The majority of visitors make it to the gate as they open up at 5:15 a.m. and make a mad dash for Sossusvlei or Dune 45. Dune 45 is one of the tallest dunes within the park. The main draw is its accessibility. The dune is 45km from the main gate, hence its name. The road to the dune is paved and it has a parking lot at its base. If timed properly it is possible to drive to and climb the dune to watch the sun come up over the Namib desert. You must see the sunrise over the desert at least once in your life.

Read More: {15 Namibia Travel Tips to Know Before You Go}

Sunsets over the desert

We chose to opt out of climbing the dune with the other tourists this time. Instead, we found a dune all to ourselves deep in the national park. When the sun crests, over 300m, high, piles of sand set the skylights on fire. The dunes go from flat color to a deep red while the shadows cast from these giants take on the shapes of living creatures on a monstrous scale.

Sossusvlei Park Prices

  • Park Fee: N$30 Namibian, N$60 SADC Resident, N$80 International
  • Sesriem Campsite: N$200 Per Person

Tropic of Capricorn

Tropic of Capricorn Namibia

We left Southern Namibia as we crossed the Tropic of Capricorn on our journey closer to the Equator in Uganda. For the next few days, we’ll spend our time soaking up the odd colonial vibes in the cities of Swakopmund and Walvis Bay on the eerie coast of Namibia. Old German homes, flamingos, and a massive seal colony await.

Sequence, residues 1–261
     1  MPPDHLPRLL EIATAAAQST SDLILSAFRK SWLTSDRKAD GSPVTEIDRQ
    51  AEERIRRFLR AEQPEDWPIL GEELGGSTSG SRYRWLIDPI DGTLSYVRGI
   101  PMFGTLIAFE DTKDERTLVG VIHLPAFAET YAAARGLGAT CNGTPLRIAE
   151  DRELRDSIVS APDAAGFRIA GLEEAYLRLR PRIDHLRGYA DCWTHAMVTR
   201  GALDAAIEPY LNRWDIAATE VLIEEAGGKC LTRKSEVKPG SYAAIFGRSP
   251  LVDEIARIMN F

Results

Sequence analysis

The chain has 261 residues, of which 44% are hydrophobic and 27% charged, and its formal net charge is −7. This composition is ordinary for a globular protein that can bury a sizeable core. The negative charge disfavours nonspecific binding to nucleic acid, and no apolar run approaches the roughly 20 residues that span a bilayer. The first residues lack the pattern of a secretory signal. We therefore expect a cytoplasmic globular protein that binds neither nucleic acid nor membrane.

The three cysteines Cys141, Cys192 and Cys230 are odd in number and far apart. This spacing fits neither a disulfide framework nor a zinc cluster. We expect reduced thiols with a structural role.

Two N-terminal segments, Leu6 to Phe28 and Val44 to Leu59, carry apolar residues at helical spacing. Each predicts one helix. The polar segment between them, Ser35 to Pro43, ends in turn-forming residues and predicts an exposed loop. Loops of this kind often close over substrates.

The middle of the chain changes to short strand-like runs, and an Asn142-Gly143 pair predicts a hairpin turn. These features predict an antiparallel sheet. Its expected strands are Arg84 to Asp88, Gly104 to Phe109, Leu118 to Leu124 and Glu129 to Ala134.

Namibia is, by all means, a country of the desert.  This is only detailing the first half of our journey through the nation. Stay tuned for our trip through Northern Namibia!

Quick Tips to Self-Driving Southern Namibia

  • Capital: Windhoek
  • Currency: The Namibian Dollar, equivalent to the South African Rand
  • Borders are easy to cross between South Africa and Botswana.
  • Self-Driving in Southern Namibia is the most popular way of getting around. Distances are great, and petrol stations are scarce, so buy a map and plan accordingly. We could pay with a credit card for gas at almost all gas stations.
  • Most roads around the country are in very good condition. However, expect corrugation and some bumpy rides.
  • Visitors will be able to get by just fine with English in Namibia
  • We experienced no bribes, hassles, or police corruption in the country during our month in the country.
  • We felt very safe traveling in Namibia. We did not go to Windhoek as we felt we didn’t need to see another big city.
  • MTC and TN Mobile are the two main cell phone providers in the country. We received 1.3 GB of data promotion for $N40 for one week with TN Mobile Jiva Surfer. Cell phone service was only available in towns and cities.

Book A Safari in Namibia

Cameron Walks Across Deadvlei